Daniel Olivella's Fideuà (Fideo Noodle Paella)

October 22, 2018
3 Ratings
Photo by Bobbi Lin
Author Notes

Reprinted from Catalan Food: Culture & Flavors from the Mediterranean. Copyright © 2018 by Daniel Olivella and Caroline Wright. Published by Clarkson Potter, an imprint of Penguin Random House, LLC.

Fideuà is similar to paella, but it is made with short toasted noodles called fideus, which you can find at Hispanic markets. You can also toast the noodles yourself as described here. The dish starts on the stovetop just like paella, but then it is finished in the oven. You can tell it is done when you look into the oven and the noodles are standing up—or trempant, as we say in Catalan, meaning “with an erection.” —Food52

Test Kitchen Notes

Featured in: A Catalan Dish for My Country, 43 Years After the Spanish Dictatorship. —The Editors

  • Serves 2 as a main dish or 4 to share
  • 4 ounces store-bought toasted fideus or vermicelli pasta
  • 3 1/2 tablespoons extra-virgin olive oil
  • 5 cups store-bought fish stock
  • 1 small garlic clove, peeled
  • 1/8 teaspoon plus 1/2 teaspoon kosher salt
  • 6 tablespoons fresh curly parsley leaves
  • 2 ounces firm white fish, such as monkfish or snapper, cut into 1-inch pieces
  • 2 ounces cuttlefish or squid steaks, cut into 1/2-inch pieces
  • 1/4 cup squid bodies, sliced into rings and tentacles
  • 1/4 cup store-bought sofrito
  • 1/2 teaspoon caramelized onions (see:
  • 1/2 teaspoon smoked paprika
  • 1/4 teaspoon freshly ground black pepper
  • 4 medium shrimp (21/25 count), peeled and deveined, tails left on
  • 4 medium shrimp (21/25 count), peeled and deveined, tails left on
  • 2 tablespoons frozen peas, thawed
  • 2 tablespoons store-bought aioli, for serving
  • 4 small lemon wedges, for serving
In This Recipe
  1. Preheat the oven to 350°F.
  2. If you use vermicelli pasta, use your hands to break the pasta into 1-inch pieces over a large sheet pan. Drizzle 1 tablespoon of the oil over the pasta or fideus and toss to coat it well. Shake the noodles into a single layer, then toast in the oven until deep golden brown, 8 to 10 minutes, shaking the pan once or twice for even browning. Remove and let cool completely. This step can be done a day or two ahead.
  3. Increase the oven temperature to 450°F.
  4. In a medium saucepan, bring the stock to a gentle simmer over medium heat.
  5. Meanwhile, make a picada by mashing the garlic and 1/8 teaspoon of the salt to a fine paste in a mortar with a pestle. Gradually add in the parsley, mashing each addition completely before adding more, until you have a green paste. Stir in ½ tablespoon of the olive oil and set aside.
  6. In a 12-inch paella pan, heat the remaining 2 tablespoons oil over high heat. When the oil is shimmering, add the fish, cuttlefish, and squid. Cook until the fish begins to shrink and turn opaque, 1 to 2 minutes, tossing frequently. Stir in the toasted noodles until they are shiny with oil.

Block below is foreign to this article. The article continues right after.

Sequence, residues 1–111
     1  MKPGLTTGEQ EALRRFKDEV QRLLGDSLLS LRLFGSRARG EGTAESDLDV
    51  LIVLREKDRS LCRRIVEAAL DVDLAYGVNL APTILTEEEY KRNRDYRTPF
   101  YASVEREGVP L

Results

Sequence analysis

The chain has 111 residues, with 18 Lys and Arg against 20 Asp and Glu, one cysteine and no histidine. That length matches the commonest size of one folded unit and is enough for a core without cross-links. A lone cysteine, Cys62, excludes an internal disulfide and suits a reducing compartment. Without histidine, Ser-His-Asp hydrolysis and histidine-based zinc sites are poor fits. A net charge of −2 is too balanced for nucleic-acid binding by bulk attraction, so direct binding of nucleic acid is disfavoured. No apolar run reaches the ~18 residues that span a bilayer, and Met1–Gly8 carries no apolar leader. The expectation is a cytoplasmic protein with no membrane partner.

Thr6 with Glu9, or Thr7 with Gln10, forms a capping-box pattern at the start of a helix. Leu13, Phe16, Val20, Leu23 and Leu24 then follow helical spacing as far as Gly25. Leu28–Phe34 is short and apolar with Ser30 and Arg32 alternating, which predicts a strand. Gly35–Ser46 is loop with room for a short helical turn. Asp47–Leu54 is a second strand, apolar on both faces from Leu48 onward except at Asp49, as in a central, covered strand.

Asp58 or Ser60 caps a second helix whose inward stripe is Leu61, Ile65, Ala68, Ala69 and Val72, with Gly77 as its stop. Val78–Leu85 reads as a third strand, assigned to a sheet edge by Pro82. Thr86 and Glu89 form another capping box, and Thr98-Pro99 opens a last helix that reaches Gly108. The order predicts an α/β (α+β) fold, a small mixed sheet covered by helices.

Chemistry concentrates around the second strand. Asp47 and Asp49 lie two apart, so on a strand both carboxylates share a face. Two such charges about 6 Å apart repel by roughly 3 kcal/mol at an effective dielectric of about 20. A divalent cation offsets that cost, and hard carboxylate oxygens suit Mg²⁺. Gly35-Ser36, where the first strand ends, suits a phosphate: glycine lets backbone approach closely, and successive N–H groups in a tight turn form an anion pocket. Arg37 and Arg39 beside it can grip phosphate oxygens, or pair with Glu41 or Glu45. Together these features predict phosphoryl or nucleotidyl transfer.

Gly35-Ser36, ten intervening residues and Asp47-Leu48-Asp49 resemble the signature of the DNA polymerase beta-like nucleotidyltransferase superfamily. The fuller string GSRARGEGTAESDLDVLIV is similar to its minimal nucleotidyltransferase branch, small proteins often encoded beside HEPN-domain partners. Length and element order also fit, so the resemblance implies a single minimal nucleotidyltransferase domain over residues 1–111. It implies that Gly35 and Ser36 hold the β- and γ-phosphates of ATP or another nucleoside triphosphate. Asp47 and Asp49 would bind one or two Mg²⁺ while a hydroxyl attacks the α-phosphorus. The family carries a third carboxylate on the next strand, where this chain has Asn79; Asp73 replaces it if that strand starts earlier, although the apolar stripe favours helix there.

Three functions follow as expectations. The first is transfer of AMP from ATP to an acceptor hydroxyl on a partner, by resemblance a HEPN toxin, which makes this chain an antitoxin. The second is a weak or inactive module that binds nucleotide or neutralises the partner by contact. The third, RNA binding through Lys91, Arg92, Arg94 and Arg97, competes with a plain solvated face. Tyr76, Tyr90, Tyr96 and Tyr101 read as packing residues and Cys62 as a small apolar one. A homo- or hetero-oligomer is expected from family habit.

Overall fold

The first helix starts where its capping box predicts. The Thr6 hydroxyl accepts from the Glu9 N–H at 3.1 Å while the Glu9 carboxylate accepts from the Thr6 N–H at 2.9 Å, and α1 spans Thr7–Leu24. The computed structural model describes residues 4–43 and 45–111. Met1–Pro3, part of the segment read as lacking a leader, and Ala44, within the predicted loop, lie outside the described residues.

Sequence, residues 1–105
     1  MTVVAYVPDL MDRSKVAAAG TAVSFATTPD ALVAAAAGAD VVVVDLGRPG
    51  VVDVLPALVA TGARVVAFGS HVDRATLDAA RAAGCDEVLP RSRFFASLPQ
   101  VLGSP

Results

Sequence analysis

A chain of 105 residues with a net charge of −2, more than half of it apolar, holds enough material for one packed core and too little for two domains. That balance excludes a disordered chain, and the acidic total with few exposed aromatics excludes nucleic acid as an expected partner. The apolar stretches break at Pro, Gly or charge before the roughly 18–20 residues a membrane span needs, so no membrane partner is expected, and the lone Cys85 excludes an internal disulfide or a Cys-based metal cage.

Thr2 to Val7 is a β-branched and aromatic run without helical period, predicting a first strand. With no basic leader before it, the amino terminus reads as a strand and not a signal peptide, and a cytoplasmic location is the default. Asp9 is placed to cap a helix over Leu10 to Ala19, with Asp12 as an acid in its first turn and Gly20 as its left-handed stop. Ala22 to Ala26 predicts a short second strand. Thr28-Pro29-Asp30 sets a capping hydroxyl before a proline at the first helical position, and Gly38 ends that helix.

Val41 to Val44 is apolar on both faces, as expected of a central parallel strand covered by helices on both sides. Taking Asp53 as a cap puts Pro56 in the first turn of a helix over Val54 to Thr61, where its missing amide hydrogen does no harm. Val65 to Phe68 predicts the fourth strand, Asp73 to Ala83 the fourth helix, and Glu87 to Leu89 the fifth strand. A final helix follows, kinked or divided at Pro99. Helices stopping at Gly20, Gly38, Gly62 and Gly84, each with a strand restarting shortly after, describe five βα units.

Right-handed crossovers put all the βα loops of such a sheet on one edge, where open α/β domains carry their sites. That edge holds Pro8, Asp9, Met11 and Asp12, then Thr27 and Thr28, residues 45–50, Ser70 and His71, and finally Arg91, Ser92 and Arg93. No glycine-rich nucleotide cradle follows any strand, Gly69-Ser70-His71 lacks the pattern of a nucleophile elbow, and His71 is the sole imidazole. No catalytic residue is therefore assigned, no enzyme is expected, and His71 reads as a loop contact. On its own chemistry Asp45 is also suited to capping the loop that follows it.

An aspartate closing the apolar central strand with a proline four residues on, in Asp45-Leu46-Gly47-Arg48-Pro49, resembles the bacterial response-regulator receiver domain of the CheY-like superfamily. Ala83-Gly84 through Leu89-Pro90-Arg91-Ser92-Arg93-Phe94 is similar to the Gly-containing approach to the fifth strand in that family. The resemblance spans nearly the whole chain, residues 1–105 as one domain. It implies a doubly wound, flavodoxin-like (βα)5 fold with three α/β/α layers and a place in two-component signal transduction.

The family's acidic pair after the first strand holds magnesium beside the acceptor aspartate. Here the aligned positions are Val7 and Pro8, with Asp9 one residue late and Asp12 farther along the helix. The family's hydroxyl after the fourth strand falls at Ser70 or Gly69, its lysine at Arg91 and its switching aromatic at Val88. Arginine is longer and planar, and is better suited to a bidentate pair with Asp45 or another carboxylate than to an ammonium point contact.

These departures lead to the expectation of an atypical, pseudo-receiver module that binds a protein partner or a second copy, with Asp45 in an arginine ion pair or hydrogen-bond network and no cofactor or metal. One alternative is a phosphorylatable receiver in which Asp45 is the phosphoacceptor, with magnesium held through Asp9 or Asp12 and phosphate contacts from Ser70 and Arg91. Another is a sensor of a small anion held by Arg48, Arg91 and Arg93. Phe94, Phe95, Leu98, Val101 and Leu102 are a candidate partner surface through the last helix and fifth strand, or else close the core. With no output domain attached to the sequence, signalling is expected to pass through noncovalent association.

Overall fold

7. Add the picada, sofrito, caramelized onions, paprika, black pepper, and remaining 1/2 teaspoon salt. Add about 3 cups of warm stock to the pan, shaking it to settle and loosen any noodle clusters as the stock begins to boil. Only shake the noodles at this point; if stirred, they will become sticky.
  8. Simmer the fideos over medium heat until some stock is absorbed, about 10 minutes. Test the noodles for doneness—they should be about halfway cooked by now. If the noodles no longer have room to swim, add about 1 cup more stock. Continue to simmer the fideuà until only a thin layer of stock rests on top, up to 10 minutes more.
  9. Bury the shrimp throughout the noodles and scatter the peas over the top. Transfer the pan to the oven and cook until the shrimp turn pink, all the stock has evaporated, and the crispy noodles stand up in the pan, 5 to 7 minutes.
  10. Spoon the allioli onto the center of the noodles. Serve at the center of the table with spoons for guests to serve themselves and lemon wedges for squeezing. Stir the aioli into the noodles only after the dish is on the table.

See what other Food52ers are saying.

  • SeleneC
  • MadelMar Freire Morales
    MadelMar Freire Morales
  • Kristel Mai Ingalls
    Kristel Mai Ingalls
  • mikeficus
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4 Reviews

SeleneC March 7, 2020
My house smells amazing! I did double vermicelli, so needed 2 cups more stock, 1/3 of sofrito and 3 times garlic (just cuz I love it). A keeper!
The 1/2 tablespoon of onion, I agree it seems quite random. My sofrito was actually some Marcella Hazan's Tomato Sauce + red pepper; and I think that's just enough sweetness. If I had some caramelized onions around I would sure use; but making from scratch for this? sorry not sorry.
Important: After taking from oven, keep covered 10-15 min before serving so the juices stabilize.
MadelMar F. October 25, 2019

Fideuà is not Catalan food, it is Valencian food (as paella). It comes from a city called Gandia. =)
Kristel M. January 18, 2020
How do you know that you are correct and that she is wrong? Isn’t it just as likely that she is correct and you were wrong? Probably best not to correct somebody that’s leaving us a beautiful recipe. If you have to say something maybe just say thank you. I believe that would be the polite thing to do.
mikeficus November 4, 2018
1/2 teaspoon caramelized onions? That can't be right.